Every virtuous decision is the result of reasoning and personal judgment, while taking into account the specific circumstances of the given situation. We cannot prescribe the correct action for every person in every situation, because the correct action depends on facts about the person in question that we do not have access to. When we weigh the benefits of taking on a social cause with the personal costs of doing so, we can determine which causes are worth our individual time and energy.

*I do not think eating meat and consuming child pornography are morally equivalent, but they are similar in that they are morally wrong regardless of the public moral evil associated with them.

This post was originally published on March 7, 2016 on

Bernie Sanders, Mental Illness Is Not a Joke

Bernie Sanders, Mental Illness Is Not a Joke

On Sunday night in Flint, Michigan, Democratic presidential hopeful Bernie Sanders thought it would be cute to hint that the Republican presidential candidates were mentally ill.

“When I’m elected president, we’re going to invest a lot of money into mental health and when you watch these Republican debates you know why we need to invest in mental health,” the Vermont senator joked at the last Democratic debate before the Michigan primary.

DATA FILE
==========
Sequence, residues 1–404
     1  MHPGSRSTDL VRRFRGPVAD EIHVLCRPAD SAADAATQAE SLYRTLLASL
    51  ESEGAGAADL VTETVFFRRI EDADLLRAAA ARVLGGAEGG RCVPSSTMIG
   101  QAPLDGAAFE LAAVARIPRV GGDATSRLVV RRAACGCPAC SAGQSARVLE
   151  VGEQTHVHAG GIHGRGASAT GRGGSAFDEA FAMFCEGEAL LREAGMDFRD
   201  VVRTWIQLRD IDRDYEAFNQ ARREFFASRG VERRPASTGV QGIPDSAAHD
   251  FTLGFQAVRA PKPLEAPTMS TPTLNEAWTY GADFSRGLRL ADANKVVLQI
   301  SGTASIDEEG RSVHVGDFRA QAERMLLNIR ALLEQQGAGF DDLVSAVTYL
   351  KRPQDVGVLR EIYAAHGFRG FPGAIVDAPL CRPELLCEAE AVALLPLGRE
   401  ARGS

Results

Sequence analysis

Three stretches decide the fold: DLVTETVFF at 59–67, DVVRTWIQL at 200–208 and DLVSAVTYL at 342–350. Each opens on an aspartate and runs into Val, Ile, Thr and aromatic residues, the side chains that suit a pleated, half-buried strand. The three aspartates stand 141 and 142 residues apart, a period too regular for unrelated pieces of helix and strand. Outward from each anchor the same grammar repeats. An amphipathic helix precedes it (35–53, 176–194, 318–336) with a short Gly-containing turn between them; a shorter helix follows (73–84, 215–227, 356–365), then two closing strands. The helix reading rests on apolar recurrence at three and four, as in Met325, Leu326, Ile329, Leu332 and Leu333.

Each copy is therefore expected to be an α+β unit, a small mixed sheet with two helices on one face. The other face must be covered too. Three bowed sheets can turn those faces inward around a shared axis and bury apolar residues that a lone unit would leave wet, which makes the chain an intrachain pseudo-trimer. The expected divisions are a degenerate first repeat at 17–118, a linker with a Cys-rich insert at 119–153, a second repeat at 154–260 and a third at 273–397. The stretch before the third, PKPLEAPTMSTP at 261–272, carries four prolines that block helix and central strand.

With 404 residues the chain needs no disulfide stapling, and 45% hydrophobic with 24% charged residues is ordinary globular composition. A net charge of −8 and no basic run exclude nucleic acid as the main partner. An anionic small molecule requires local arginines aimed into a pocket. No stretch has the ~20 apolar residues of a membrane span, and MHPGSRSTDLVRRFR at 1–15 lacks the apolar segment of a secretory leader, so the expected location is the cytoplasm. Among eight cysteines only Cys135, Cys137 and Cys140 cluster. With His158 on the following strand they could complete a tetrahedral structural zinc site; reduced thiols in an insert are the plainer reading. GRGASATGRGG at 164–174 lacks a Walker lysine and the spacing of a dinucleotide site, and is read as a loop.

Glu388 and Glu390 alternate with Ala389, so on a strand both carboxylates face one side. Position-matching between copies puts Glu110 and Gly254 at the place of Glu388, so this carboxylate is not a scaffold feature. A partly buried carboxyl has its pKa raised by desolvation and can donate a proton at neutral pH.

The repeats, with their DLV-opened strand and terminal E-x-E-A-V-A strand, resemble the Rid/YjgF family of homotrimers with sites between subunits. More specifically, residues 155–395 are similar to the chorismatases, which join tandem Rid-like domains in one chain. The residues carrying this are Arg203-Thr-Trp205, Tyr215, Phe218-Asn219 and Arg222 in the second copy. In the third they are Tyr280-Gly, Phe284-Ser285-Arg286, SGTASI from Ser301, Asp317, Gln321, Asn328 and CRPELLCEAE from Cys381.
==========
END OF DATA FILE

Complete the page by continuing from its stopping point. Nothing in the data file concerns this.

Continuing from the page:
Bernie Sanders, mental illness is not a joke. Depression, bipolar disorder, and schizophrenia are not funny buzzwords to hurl at opponents. “Mentally ill” does not mean stupid or incompetent. Feeding into harmful cultural stereotypes about people who think differently to knock other people down is neither progressive nor amusing; it is regressive and cruel.

Sanders claims to care about supporting the mentally ill, as he brags about the money he will spend on mental health as president, but he still thinks mental illness is an appropriate insult.

As I have previously written, “Much of mental illness is socially constructed. By using medical diagnoses to condemn patterns of thinking, we stigmatize and alienate anyone who thinks differently from what the capitalist, patriarchal state will accept.”

To those who are stigmatized and marginalized by harmful characterizations of mental illness, Sanders’ remarks are nothing new. We hear comments just like them every day in the news, from our families and friends, from strangers. Every time we are lumped in with a demagogical presidential hopeful or a mass shooter under the pretense of helping us, we fall further to the margins.

Bernie Sanders, and all those who tote us around to further their political careers: mental illness is not a joke, and joking at the expense of those you claim to care about is the opposite of being an ally.

March 2016 – Blog Update

As you, dear reader, may have noticed, I just uploaded all of my articles from the past year that were published on other websites so you can view all my content in one place. I apologize for the bombardment of articles over the course of an hour, but I decided I wanted to catch this blog up to speed and make better use of my domain name.